1. Marcella M Cline
  2. Barbara Juarez
  3. Avery Hunker
  4. Ernesto G Regiarto
  5. Bryan Hariadi
  6. Marta E Soden
  7. Larry S Zweifel
(2023)
Netrin-1 regulates the balance of synaptic glutamate signaling in the adult ventral tegmental area
eLife 12:e83760.
https://doi.org/10.7554/eLife.83760

Share this article

https://doi.org/10.7554/eLife.83760

Further reading

    1. Neuroscience
    Zilu Liang, Simeng Wu ... Chao Liu
    Research Article

    People form impressions about others during daily social encounters and infer personality traits from others' behaviors. Such trait inference is thought to rely on two universal dimensions: competence and warmth. These two dimensions can be used to construct a ‘social cognitive map’ organizing massive information obtained from social encounters efficiently. Originating from spatial cognition, the neural codes supporting the representation and navigation of spatial cognitive maps have been widely studied. Recent studies suggest similar neural mechanism subserves the map-like architecture in social cognition as well. Here we investigated how spatial codes operate beyond the physical environment and support the representation and navigation of social cognitive map. We designed a social value space defined by two dimensions of competence and warmth. Behaviorally, participants were able to navigate to a learned location from random starting locations in this abstract social space. At the neural level, we identified the representation of distance in the precuneus, fusiform gyrus, and middle occipital gyrus. We also found partial evidence of grid-like representation patterns in the medial prefrontal cortex and entorhinal cortex. Moreover, the intensity of grid-like response scaled with the performance of navigating in social space and social avoidance trait scores. Our findings suggest a neurocognitive mechanism by which social information can be organized into a structured representation, namely cognitive map and its relevance to social well-being.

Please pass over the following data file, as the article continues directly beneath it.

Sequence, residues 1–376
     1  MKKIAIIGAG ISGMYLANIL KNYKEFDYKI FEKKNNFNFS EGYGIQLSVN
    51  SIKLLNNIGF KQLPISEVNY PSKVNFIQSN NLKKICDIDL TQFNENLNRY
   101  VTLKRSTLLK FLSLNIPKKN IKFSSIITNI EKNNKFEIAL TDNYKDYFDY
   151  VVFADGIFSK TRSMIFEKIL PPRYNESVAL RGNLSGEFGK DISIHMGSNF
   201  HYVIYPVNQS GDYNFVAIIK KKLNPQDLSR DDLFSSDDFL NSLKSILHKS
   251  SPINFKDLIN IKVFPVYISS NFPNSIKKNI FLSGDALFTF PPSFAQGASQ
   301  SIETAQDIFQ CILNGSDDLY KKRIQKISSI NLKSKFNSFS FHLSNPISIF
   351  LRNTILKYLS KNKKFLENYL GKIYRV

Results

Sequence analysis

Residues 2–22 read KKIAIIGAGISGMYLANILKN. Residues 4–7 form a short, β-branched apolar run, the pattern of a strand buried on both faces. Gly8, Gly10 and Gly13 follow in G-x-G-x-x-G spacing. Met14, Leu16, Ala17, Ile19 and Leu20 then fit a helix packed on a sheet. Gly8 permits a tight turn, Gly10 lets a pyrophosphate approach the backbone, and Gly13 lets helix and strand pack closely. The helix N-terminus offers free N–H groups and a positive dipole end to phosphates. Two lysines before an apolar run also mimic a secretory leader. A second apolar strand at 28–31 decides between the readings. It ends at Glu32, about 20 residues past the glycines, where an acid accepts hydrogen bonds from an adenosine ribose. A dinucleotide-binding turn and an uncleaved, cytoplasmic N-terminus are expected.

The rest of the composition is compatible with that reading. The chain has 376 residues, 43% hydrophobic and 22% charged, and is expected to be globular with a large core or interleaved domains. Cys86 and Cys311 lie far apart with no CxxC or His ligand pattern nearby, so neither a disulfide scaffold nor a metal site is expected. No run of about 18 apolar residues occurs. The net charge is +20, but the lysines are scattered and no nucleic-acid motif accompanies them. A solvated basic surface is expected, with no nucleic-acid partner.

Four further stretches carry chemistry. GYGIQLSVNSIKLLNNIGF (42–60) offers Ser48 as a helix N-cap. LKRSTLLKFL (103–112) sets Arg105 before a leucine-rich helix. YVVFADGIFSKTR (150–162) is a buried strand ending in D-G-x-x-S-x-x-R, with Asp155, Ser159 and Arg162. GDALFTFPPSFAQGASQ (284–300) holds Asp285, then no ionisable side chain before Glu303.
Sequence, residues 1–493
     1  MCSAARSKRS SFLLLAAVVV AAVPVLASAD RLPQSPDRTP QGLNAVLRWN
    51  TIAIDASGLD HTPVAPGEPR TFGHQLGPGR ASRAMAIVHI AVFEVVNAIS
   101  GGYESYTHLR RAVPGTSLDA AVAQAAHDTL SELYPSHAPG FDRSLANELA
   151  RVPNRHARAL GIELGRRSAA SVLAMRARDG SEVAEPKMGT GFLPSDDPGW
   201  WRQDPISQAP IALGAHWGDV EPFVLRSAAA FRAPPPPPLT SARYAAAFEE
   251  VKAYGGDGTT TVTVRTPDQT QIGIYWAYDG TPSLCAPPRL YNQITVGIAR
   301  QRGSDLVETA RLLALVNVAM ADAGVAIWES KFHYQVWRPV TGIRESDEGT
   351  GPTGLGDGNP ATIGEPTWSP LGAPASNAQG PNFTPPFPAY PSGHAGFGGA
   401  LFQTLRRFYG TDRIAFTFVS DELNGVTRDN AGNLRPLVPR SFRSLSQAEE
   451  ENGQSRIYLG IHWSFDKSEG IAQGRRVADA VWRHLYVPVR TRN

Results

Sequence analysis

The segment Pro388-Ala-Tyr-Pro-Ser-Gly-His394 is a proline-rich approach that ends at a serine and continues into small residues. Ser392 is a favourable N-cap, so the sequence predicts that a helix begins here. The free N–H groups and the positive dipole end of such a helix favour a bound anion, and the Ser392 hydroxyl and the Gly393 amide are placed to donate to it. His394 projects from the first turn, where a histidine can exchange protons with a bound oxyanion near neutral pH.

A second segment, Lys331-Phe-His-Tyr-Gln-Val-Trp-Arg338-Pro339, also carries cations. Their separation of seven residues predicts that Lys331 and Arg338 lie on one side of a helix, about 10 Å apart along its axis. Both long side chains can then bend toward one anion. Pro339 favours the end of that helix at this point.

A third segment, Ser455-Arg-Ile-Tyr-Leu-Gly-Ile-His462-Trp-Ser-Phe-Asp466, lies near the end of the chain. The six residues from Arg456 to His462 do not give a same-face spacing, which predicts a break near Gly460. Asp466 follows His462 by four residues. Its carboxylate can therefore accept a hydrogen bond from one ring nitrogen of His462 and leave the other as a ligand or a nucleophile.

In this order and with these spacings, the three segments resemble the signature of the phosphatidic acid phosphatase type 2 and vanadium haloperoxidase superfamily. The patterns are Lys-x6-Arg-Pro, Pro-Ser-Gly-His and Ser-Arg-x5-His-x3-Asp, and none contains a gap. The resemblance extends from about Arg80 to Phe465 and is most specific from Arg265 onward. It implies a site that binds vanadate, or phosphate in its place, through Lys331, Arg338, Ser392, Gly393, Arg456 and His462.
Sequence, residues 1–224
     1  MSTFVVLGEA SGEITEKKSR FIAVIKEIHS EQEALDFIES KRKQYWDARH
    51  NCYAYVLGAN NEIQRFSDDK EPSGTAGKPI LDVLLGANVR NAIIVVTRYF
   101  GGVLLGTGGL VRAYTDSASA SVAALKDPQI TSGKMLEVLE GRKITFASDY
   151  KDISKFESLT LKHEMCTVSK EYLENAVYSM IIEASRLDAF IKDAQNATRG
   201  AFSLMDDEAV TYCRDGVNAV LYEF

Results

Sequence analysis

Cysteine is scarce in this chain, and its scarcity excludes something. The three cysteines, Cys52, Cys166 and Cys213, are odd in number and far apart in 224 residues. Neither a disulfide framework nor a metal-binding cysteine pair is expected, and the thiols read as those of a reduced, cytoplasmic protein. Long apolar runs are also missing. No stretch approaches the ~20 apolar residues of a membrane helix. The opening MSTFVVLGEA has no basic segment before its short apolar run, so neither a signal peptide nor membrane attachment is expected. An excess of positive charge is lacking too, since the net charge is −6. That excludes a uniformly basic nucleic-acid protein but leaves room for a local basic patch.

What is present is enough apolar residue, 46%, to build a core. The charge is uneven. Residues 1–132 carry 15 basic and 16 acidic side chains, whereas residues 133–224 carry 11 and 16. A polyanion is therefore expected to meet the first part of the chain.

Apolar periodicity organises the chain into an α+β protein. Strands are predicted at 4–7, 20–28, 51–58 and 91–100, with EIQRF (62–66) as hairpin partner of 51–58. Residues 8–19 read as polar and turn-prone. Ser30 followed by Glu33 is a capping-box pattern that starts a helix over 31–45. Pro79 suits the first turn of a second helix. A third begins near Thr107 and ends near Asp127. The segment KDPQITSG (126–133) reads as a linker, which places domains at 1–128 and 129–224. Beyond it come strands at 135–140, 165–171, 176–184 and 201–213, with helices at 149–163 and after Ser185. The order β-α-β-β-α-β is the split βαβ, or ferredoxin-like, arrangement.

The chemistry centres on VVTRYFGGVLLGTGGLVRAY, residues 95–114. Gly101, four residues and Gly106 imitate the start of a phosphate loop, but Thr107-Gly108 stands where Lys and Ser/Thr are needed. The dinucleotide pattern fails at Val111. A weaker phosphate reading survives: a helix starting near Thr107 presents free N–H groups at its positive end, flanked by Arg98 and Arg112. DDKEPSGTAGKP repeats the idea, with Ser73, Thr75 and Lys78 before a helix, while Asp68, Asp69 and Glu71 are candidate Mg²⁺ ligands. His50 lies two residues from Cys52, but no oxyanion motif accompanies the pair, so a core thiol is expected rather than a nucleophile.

1. Neuroscience
    Alina Tetereva, Narun Pat
    Research Article

    One well-known biomarker candidate that supposedly helps capture fluid cognition is Brain Age, or a predicted value based on machine-learning models built to predict chronological age from brain MRI. To formally evaluate the utility of Brain Age for capturing fluid cognition, we built 26 age-prediction models for Brain Age based on different combinations of MRI modalities, using the Human Connectome Project in Aging (n=504, 36–100 years old). First, based on commonality analyses, we found a large overlap between Brain Age and chronological age: Brain Age could uniquely add only around 1.6% in explaining variation in fluid cognition over and above chronological age. Second, the age-prediction models that performed better at predicting chronological age did NOT necessarily create better Brain Age for capturing fluid cognition over and above chronological age. Instead, better-performing age-prediction models created Brain Age that overlapped larger with chronological age, up to around 29% out of 32%, in explaining fluid cognition. Third, Brain Age missed around 11% of the total variation in fluid cognition that could have been explained by the brain variation. That is, directly predicting fluid cognition from brain MRI data (instead of relying on Brain Age and chronological age) could lead to around a 1/3-time improvement of the total variation explained. Accordingly, we demonstrated the limited utility of Brain Age as a biomarker for fluid cognition and made some suggestions to ensure the utility of Brain Age in explaining fluid cognition and other phenotypes of interest.